Tow-in Industry Needs Rules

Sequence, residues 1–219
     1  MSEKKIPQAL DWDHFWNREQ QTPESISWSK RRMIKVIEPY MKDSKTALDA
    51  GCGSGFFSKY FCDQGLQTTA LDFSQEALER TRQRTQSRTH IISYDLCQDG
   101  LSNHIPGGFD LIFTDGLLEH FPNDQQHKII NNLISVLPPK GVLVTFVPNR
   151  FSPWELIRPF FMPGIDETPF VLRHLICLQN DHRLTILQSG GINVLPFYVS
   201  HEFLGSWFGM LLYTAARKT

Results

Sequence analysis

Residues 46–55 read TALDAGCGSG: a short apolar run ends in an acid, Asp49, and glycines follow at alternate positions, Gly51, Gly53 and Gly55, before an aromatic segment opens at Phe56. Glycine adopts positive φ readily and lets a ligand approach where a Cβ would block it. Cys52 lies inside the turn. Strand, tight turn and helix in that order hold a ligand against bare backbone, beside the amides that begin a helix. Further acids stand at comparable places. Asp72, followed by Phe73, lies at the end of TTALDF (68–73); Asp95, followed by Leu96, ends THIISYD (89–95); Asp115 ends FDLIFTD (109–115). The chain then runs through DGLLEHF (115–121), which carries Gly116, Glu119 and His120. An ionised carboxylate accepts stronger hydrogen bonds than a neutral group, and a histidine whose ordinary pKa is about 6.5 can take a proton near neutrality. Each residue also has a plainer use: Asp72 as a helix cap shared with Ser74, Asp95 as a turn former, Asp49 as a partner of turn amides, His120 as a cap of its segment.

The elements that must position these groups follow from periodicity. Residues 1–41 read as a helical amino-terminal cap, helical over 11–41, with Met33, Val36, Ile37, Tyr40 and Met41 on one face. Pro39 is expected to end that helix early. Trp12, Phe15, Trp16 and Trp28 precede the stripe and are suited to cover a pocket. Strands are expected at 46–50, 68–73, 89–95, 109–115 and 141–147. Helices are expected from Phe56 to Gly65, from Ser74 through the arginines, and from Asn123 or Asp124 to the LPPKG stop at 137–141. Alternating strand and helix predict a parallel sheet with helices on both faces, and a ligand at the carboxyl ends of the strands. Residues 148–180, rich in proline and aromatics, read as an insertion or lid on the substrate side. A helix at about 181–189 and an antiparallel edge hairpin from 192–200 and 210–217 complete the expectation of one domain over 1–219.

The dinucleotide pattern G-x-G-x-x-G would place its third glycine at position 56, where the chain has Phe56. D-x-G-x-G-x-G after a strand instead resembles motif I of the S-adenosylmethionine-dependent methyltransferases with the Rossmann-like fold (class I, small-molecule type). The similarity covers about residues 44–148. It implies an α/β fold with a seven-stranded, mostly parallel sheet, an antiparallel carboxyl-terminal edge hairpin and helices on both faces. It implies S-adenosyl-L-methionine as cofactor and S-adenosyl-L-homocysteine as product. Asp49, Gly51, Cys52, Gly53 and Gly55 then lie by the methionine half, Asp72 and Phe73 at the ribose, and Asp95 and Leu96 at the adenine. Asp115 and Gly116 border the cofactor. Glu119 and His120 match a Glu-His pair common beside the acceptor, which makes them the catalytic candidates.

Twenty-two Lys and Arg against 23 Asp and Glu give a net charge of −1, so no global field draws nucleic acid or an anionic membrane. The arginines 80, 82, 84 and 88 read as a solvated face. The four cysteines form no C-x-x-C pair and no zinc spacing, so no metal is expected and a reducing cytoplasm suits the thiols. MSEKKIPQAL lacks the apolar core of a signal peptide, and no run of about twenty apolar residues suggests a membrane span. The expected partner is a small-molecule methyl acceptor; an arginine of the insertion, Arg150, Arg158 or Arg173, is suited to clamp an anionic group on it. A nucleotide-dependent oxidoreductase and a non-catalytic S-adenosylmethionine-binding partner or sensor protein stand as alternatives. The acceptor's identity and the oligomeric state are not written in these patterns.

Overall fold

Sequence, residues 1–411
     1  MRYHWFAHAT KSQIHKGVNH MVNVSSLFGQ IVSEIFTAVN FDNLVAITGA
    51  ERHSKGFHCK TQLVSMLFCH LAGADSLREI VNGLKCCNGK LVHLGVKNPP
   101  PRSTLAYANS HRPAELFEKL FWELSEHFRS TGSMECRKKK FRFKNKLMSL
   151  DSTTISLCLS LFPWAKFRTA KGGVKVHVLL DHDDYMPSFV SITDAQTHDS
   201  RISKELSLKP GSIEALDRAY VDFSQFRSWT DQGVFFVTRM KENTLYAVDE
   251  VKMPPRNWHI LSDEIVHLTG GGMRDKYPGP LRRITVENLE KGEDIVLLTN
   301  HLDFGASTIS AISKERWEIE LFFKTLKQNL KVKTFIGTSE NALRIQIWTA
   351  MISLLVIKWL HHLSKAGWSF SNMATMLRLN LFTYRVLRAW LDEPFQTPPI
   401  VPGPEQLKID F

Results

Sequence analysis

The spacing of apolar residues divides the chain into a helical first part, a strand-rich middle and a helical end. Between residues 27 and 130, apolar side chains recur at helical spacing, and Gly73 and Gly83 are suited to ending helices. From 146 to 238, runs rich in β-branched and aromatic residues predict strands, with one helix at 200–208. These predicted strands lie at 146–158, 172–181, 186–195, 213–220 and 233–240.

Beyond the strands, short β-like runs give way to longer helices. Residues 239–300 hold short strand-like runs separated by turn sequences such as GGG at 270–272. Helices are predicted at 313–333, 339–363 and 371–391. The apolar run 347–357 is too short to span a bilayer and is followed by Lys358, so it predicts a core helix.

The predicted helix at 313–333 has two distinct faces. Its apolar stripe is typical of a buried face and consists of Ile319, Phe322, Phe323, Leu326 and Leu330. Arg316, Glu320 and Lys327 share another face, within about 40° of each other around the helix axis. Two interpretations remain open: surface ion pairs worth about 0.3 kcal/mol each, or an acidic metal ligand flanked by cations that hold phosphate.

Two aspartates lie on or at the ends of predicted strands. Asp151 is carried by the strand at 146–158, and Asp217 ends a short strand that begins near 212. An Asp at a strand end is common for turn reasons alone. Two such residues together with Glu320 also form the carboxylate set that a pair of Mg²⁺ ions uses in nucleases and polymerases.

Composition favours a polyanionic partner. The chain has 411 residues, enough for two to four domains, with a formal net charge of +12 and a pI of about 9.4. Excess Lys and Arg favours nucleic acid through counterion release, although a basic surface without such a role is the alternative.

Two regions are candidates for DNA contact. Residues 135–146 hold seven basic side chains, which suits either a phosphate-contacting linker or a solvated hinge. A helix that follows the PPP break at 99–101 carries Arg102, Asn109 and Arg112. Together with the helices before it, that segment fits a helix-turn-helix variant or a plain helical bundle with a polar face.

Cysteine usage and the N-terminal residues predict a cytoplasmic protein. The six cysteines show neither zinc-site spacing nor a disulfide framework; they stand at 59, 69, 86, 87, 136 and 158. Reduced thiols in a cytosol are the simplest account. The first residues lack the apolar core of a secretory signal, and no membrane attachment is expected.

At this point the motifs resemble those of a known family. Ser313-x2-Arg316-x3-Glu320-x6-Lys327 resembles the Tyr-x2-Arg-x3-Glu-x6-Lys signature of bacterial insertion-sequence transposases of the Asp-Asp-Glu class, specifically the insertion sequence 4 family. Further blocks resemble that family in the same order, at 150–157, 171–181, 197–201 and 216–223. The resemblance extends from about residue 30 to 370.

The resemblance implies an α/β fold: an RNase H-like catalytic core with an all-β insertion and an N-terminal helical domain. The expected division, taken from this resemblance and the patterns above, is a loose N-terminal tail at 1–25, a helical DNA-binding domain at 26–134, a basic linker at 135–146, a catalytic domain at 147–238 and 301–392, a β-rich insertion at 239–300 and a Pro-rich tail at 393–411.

By Frederick Philander WINDHOEK Claims of unfair practices and racism among rivals in the capital’s lucrative, but very competitive, tow-in business have given rise to the establishment of a controlling and regulatory body. This was disclosed yesterday by David Martin, a veteran of 25 years in the car accident tow-in business. “We are all vulnerable and monthly lose a lot of money due to the competitive market, which is being monopolised by some individual companies. One specific tow-in company acts as if it is its prerogative to run the show. Its two trucks are normally first on the scene in the event of any accident happening anywhere in and outside the capital, even before such accident happens,” said a frustrated Martin. According to him, there exists no real fairness when it comes to standard fees for towing cars away from accident scenes. “The standard price which at least four legally registered companies have informally agreed to is N$350, but we are perpetually being squeezed out of business due to the sometimes illegal activities of some operators, prowling the streets twenty four hours of every day on the lookout for accidents to happen,” Martin claimed. He charged that some operators are illegally connected to the Namibian Police’s radio control frequencies and even possess such radio control equipment for their operations. “Such a case of illegal possession of police radios has been reported widely last year and is still pending. However, apparently the practice continues unabated and this particular company operates as if it is above the law and some sort of “untouchable”, making things very difficult for others who are trying to earn a fair income through professional service delivery to the country’s car owners involved in accidents,” said the owner of Town Tow-in Service in Khomasdal. With all the spin-offs from the growing tow-in industry, it is apparently a multi-million-dollar industry that includes vehicle owners, local insurance and panel-beating companies. “There is enough room for everyone to operate but because of selfishness and greed, some operators prefer to operate in unbecoming ways and manners to oppose others in the business. It has become so bad that operators promise the earth and moon to distressed motorists involved in accidents just to get a piece of the action,” Martins said. Racism allegedly also plays a big part in the business, aimed at driving black tow-in companies out of business. Apparently some white operators go out of their way to convince white car owners involved in accidents through fear installing methods not to allow black operators to tow their cars because “they would take it to Katutura”, depicting them as unreliable and valueless cheaters. “Another unorthodox method to charge exorbitant fees is to store cars on the premises of companies, instead of towing such cars directly from the accident scene to panel-beaters, charging car owners up to N$1 900 before they are released to the rightful owners. This is common practice and the culprits are getting away with it,” he said. At this afternoon’s meeting, open to all tow-in companies, a formal body with a constitution is expected to be established. According to Martin, the following companies have indicated interest in attending the founding meeting of the association that will work closely with the local traffic department in the capital: Northern Breakdown Services, Valley Recovery Services, Destiny Tow-in Services and Town Tow-in Service.